Assuming you do locate an Akbash, the next step will be to have it spayed, if it is female, or neutered if it is male. This will probably cost you in the neighborhood of $220. At the same time, you will want to have your Akbash get its initial round of puppy shots along with other routine medical procedures such as de-worming. Here you are looking at another $75 or so. Then, of course, you will need to get your pup a collar and a leash, for about $45 or $50 for a dog this size, as well as a pet license, which will probably be about $15 or $20.
Even though Akbash dogs are tough and not prone to medical problems, things happen, and veterinary fees are going up just like everything else. As a result, a great many people these days invest in pet insurance. How much that will cost is depends on how broad you want the coverage to be; but you can figure on spending at least $200 to $250 a year.
Obedience training comes next. Actually, if you are like most who purchase an Akbash, you are getting it as a guard dog, and that means specialized training. Even if you are not, this is not your ordinary dog, and you will want to find a professional trainer who is skilled and experienced at dealing with large guard dog types. Initially, basic obedience training will get you started, for $125 to $150 or so. After that it will be at least desirable, if not necessary, to provide additional training for this dog.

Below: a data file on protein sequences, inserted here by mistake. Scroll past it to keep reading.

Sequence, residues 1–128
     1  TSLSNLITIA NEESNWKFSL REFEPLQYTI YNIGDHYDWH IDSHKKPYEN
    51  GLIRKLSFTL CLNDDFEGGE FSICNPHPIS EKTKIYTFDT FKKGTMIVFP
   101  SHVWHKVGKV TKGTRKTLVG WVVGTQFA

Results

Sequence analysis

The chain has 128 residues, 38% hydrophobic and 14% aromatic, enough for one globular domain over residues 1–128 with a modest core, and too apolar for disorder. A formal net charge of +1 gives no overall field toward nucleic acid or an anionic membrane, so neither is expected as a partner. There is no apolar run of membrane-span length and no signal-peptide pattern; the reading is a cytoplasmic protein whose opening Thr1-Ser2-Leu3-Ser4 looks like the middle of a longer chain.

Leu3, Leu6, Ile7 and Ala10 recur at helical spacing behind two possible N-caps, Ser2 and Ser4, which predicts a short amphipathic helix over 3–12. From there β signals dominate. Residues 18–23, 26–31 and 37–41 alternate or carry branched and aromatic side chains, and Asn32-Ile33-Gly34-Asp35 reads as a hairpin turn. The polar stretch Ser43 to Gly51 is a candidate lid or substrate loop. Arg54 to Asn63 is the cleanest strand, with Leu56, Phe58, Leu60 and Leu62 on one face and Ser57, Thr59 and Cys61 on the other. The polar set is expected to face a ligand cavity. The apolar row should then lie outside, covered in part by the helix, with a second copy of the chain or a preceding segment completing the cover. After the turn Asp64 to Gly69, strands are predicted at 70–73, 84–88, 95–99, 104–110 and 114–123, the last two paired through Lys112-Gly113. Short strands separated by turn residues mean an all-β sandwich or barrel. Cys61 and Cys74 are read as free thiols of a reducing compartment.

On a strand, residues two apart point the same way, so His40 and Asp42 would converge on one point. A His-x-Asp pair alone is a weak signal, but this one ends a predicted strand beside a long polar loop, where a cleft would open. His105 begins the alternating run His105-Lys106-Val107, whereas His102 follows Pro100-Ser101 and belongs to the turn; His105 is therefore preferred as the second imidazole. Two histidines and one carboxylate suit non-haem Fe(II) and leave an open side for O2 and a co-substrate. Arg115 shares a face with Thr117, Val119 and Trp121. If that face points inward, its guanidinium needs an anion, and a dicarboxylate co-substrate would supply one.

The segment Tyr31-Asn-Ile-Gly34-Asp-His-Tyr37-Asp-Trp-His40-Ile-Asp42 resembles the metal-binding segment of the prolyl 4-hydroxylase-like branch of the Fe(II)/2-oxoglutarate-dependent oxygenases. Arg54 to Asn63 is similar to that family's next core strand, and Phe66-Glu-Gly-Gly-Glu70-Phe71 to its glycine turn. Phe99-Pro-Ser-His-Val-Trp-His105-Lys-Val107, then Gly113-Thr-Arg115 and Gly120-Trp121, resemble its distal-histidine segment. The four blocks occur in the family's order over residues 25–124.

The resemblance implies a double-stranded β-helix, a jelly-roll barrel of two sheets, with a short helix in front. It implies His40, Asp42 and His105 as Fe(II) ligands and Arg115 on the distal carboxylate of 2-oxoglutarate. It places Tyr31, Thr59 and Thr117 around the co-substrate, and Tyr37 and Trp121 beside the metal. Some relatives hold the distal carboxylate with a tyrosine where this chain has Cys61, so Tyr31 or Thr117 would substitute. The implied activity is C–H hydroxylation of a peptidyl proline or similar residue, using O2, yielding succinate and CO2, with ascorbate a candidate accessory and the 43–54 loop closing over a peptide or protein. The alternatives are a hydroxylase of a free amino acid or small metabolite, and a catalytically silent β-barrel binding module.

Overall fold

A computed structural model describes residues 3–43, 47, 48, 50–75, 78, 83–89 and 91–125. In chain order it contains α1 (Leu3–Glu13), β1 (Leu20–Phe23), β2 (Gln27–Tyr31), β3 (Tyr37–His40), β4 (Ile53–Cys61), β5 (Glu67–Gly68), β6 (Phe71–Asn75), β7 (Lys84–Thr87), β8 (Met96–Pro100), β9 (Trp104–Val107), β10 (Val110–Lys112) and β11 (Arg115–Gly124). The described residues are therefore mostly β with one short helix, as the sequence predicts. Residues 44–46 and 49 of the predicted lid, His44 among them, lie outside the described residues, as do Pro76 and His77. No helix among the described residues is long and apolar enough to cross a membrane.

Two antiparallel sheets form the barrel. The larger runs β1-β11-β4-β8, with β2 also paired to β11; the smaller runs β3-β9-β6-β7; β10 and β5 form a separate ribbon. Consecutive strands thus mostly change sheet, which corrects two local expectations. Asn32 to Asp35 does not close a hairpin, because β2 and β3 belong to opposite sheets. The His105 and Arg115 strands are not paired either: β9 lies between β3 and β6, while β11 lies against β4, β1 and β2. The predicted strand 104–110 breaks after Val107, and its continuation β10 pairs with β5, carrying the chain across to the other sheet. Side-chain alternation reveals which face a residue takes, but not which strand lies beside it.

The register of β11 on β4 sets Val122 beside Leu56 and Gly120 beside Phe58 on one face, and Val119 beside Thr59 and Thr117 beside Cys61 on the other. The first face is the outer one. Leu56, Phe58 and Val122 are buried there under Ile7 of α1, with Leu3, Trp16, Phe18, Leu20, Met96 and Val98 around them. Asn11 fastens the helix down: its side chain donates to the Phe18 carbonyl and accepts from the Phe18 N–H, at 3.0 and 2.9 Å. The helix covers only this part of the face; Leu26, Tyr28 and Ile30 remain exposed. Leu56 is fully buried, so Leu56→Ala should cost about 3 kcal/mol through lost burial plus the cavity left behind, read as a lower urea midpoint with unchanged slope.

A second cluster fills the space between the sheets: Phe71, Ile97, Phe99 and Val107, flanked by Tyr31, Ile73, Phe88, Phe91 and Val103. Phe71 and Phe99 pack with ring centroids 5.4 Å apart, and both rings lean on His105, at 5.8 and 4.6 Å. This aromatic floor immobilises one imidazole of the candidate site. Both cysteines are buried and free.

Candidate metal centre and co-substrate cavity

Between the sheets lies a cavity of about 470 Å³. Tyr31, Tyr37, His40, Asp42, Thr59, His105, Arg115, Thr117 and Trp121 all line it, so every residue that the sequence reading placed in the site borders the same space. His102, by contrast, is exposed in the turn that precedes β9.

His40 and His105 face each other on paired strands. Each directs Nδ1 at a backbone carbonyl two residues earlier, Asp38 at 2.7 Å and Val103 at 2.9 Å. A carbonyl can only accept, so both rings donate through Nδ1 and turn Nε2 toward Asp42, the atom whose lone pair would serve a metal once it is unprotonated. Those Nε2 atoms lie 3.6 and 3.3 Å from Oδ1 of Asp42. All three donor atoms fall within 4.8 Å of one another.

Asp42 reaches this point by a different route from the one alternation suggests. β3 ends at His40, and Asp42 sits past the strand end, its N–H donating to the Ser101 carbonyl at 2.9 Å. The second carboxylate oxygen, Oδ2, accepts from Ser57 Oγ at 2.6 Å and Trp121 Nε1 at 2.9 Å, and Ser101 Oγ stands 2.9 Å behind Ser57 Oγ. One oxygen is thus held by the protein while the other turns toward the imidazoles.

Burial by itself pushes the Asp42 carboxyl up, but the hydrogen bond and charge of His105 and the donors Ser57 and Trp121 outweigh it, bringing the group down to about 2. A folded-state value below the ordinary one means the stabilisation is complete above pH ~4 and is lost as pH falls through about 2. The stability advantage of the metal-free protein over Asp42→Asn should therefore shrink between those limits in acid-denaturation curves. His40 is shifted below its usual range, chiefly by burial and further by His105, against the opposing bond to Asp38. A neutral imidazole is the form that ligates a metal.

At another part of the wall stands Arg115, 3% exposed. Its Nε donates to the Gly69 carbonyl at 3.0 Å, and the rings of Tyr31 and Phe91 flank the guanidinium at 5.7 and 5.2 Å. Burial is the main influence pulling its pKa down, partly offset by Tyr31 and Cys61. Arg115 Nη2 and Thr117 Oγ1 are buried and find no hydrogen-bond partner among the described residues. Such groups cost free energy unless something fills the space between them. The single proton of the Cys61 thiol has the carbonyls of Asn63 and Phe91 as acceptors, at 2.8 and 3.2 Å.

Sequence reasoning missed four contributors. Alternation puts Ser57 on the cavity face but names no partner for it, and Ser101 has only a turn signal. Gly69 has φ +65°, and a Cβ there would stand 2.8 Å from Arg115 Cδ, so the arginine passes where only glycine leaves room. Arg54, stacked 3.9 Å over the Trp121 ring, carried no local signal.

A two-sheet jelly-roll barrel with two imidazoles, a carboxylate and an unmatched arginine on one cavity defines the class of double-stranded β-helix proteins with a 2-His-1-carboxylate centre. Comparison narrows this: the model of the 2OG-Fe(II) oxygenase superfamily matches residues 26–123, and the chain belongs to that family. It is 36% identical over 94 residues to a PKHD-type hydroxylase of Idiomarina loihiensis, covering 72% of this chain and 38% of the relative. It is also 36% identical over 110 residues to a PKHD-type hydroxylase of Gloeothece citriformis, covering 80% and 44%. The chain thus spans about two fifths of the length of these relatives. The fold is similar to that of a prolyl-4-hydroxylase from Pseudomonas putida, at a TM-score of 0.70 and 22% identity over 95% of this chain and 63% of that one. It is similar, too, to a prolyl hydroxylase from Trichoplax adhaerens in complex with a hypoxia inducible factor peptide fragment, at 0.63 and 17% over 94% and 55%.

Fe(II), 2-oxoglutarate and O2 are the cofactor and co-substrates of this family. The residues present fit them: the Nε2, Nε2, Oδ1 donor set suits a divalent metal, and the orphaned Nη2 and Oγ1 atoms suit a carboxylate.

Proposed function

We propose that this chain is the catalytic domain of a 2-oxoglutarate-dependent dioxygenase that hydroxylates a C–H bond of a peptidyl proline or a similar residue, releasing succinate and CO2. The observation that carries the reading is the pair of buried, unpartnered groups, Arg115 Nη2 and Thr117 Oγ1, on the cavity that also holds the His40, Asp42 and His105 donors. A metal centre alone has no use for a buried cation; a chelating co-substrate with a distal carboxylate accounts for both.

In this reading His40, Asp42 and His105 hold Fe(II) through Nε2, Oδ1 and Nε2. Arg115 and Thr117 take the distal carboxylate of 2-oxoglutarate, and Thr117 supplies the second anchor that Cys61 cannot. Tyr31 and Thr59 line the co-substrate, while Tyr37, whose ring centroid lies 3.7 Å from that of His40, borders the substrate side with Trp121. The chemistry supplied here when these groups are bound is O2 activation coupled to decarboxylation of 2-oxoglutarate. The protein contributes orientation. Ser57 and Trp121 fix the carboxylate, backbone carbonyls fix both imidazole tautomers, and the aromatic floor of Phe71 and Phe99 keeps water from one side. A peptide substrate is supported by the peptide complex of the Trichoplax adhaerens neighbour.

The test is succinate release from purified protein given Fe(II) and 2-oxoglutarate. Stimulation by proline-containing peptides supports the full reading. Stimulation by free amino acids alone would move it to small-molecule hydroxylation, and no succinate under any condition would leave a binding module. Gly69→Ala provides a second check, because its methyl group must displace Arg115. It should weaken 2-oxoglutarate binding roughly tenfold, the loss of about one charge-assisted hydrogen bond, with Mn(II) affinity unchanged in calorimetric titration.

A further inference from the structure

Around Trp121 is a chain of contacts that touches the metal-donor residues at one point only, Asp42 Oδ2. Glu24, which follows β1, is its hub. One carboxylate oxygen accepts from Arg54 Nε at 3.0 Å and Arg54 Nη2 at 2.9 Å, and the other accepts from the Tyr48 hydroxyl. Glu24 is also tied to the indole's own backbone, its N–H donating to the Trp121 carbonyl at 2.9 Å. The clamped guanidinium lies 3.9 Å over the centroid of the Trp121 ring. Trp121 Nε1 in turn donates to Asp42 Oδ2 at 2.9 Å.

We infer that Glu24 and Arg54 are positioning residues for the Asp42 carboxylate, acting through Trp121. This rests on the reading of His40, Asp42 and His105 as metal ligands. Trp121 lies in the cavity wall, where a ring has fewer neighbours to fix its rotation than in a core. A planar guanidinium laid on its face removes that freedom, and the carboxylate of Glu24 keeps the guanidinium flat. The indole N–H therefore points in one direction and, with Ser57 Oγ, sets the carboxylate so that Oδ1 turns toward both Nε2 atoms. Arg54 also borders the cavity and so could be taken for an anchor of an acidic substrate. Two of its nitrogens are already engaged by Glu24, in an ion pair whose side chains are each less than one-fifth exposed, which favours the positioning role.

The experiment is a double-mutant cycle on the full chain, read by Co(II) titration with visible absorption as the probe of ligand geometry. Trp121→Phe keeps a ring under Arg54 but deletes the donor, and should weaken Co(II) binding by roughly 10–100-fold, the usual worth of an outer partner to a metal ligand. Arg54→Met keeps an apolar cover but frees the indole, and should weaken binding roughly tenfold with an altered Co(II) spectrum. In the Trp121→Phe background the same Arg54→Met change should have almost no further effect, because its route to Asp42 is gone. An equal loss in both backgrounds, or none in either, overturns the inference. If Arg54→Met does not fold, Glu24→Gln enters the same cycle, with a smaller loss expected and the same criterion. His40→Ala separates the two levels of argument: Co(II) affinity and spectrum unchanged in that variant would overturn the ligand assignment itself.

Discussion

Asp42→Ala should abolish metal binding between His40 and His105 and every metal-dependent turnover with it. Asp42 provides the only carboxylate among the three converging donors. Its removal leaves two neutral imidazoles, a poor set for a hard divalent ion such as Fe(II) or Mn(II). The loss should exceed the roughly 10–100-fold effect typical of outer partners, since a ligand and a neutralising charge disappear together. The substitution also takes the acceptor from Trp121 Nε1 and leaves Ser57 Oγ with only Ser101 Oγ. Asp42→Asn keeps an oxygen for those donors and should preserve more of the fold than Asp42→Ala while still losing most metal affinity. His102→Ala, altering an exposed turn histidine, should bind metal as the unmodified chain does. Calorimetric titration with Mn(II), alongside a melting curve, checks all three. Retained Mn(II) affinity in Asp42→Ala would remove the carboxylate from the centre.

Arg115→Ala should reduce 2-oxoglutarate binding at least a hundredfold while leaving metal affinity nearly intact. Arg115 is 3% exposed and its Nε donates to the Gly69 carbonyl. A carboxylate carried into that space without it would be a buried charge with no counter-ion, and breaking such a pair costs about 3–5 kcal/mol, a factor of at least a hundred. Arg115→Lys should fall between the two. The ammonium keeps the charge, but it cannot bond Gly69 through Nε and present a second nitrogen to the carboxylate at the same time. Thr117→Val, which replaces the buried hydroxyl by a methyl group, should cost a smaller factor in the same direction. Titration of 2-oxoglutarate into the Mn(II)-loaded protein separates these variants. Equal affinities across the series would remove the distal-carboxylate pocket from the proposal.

Generally, you should expect to spend about $235 a year for dog food. That of course does not include treats, which you will want to have for training rewards as well as just for everyday nice. How much you spend on treats is up to you. Some people spend as much or more on those tidbits as they do on regular dog food; but figure around $75 a year at least.
Overall, you can expect that the care and feeding of your Akbash will run you in the neighborhood of $475 a year.
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The Akbash is a guard dog native to the Anatolian Plateau of Turkey, but with roots that go back to the ancient Fertile Crescent. It is large, weighing up to one hundred and forty pounds, and tall, standing twenty-eight to thirty-four inches at the shoulder. It is pure white, with a curly tail, a massive head, and a strong, muscular neck. The skin around its neck is loose, which helps it protect itself when it is in a fight with predators such as wolves, mountain lions and bears.
The Akbash is known for its loyalty, courage and intelligence. It bonds closely to its primary person, but not so much to other people. It is difficult to socialize and does not do well with other dogs. It is also not a great dog with kids.
The Akbash is really meant to be a guard dog, and will function very well in that role. It is not, however, the best in the world as a family pet.